Priority Based Budgeting (PBB) is the brainchild of Jon Johnson and Chris Fabian, two former county finance professionals who launched the Center for Priority Based Budgeting in Denver, Colo. several years ago. Since that time, PBB was identified by the International City and County Manager's Association (ICMA) as a "leading practice" and has also been endorsed by the Government Finance Officers Association (GFOA).
More than seventy cities and counties have adopted PBB as a means of better aligning available resources with local government priorities. In this time of increasing budgetary challenges, innovative approaches like PBB offer the hope of preserving vital local government services.
Gaston County began to consider PBB as an alternative approach to budgeting early in 2014 with the approval of the Board of County Commissioners. Fundamentally, PBB is designed to optimize the use of tax payer dollars and promote better alignment between programs and community values.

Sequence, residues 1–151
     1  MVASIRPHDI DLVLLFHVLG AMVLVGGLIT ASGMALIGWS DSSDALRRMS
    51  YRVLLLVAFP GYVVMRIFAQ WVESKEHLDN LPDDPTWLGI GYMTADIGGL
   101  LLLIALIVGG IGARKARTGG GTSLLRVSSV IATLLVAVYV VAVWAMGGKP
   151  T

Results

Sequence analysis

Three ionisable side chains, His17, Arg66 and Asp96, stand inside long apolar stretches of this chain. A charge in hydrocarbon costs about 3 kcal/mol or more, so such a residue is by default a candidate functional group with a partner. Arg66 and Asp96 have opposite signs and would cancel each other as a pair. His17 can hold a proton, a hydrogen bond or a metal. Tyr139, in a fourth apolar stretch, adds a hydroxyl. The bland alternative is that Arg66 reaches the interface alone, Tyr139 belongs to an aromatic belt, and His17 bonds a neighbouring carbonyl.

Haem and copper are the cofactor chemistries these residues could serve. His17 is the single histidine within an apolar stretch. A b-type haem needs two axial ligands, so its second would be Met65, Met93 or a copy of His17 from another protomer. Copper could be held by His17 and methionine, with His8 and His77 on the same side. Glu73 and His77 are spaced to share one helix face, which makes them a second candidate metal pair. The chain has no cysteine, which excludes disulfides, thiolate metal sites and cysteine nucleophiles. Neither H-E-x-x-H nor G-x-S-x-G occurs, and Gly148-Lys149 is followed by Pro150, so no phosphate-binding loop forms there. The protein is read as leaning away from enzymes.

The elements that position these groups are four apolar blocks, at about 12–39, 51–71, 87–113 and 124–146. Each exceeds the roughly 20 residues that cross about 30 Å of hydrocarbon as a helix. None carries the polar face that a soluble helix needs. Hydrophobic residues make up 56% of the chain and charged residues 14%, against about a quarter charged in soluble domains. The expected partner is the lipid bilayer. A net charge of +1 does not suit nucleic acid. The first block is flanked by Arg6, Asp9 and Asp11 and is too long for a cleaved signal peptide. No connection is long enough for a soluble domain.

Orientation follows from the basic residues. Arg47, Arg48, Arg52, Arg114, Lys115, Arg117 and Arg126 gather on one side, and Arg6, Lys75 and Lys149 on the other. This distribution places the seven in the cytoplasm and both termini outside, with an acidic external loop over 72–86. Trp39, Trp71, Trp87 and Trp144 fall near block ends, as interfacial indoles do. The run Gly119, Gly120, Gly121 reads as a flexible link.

Unlike traditional approaches to budgeting which usually feature incremental changes to line item budgets, PBB allows for a more comprehensive review of all programs. Through the various stages of PBB, staff members and the governing body are able to engage in meaningful dialog concerning the numerous programs that comprise the activity of a typical local government and determine the degree to which those programs fulfill community priorities.
The goal of PBB is to identify those program areas that most closely align with Board established priorities and direct adequate resources to those areas. Conversely, programs determined to be less in alignment may receive less funding, be eliminated entirely if they prove to be duplicative or obsolete.
There is also the possibility that lower priority programs can be targeted for partnerships with other groups in the community that provide similar services. This process enables the local government to become more strategic in its approach to service delivery while conserving scarce resources.
PBB is an enlightening process for all those involved since it facilitates an objective prioritization process which provides better information on program efficacy. Unlike the private sector, local governments are mandated by the state and federal government to perform the majority of their programs. However, PBB also allows participants to determine just how much of a particular mandate they are obligated to fulfill.